and stayed relevant during the 20th century as well, is associated with a couple
of individuals; Eugene Etienne Viollet-le-Duc, John Ruskin and William
Morris.12 The two basic principles could, in a simplified manner, be described
as restoration to – what was decided to be – a buildings original shape or
instead, minimal intervention with the purpose of leaving the building to
change as a kind of living organism.
The first idea of restoration to original shape implies that there was
a certain moment when a building appeared in a true way, and that this
appearance should be the primary guidance to future owners and users.
In practice, this means that features not belonging to the selected original
shape, that is, elements added or removed, were to be replaced with elements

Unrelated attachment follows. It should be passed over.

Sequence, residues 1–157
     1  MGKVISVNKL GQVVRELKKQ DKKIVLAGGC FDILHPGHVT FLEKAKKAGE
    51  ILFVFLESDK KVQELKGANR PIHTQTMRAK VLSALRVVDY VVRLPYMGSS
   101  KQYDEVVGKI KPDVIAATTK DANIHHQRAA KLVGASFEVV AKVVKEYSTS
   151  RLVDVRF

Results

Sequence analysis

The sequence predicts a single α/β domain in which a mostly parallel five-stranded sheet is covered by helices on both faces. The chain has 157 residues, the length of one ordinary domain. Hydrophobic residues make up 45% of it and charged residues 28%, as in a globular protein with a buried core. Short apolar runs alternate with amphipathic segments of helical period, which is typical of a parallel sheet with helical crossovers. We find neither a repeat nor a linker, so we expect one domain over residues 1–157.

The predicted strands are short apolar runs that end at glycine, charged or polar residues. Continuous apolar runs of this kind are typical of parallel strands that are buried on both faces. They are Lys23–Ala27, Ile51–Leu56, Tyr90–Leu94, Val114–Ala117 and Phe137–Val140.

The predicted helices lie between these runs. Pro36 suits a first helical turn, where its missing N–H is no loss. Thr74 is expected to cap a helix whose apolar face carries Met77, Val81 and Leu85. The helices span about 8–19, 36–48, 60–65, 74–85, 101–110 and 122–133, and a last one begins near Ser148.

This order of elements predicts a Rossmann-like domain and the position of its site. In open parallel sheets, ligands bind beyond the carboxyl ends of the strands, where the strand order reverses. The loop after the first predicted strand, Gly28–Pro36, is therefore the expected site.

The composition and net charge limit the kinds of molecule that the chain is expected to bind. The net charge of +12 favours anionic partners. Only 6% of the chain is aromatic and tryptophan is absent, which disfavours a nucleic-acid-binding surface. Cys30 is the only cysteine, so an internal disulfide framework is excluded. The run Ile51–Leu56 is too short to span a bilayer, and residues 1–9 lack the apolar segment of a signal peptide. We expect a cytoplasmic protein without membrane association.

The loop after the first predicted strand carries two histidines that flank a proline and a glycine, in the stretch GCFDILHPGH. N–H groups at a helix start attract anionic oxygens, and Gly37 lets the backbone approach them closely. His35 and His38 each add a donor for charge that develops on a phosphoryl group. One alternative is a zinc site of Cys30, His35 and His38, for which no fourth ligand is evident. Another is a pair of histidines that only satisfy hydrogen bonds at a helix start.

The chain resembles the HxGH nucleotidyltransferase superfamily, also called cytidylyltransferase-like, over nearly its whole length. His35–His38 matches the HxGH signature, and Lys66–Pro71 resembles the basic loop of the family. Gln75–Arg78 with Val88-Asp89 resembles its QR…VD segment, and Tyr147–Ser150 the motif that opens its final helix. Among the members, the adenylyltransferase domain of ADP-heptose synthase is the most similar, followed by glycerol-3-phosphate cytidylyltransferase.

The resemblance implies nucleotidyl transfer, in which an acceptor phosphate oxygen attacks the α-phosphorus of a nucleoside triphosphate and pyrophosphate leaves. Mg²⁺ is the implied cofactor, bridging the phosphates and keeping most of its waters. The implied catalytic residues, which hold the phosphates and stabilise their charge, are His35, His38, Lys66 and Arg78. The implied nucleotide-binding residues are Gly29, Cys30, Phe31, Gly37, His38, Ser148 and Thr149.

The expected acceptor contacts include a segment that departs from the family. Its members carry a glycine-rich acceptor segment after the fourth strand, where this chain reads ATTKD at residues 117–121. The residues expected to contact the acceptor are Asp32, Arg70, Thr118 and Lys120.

analogous to the sought after shape. The second idea of minimal intervention
looks upon a building as something that is born, grows, ages and dies. The
role of the owners and users is therefore, when necessary, only to slow down
the process of dilapidation through limited maintenance, stressing the value
of patina and atmosphere. According to this view, a building should retain all
its layers from the different periods of change.
The two ideals mark contemporary professional approaches to the
built environment. To make a harsh generalisation, the first ideal could be
related to professions such as architects and urban planners, who in this way
demonstrate respect for the intentions of the original architect of the building,
and attempt to create cities of “genuine” quality. The second ideal could then
be connected to heritage professionals in general who care about all the traces
from the past, with the aim of making them visible and understandable. Both
ideals are represented in public and political opinions.
Probing into this seemingly easy division reveals that the attitude within
the heritage professions is far more complex. The first ideal of restoring to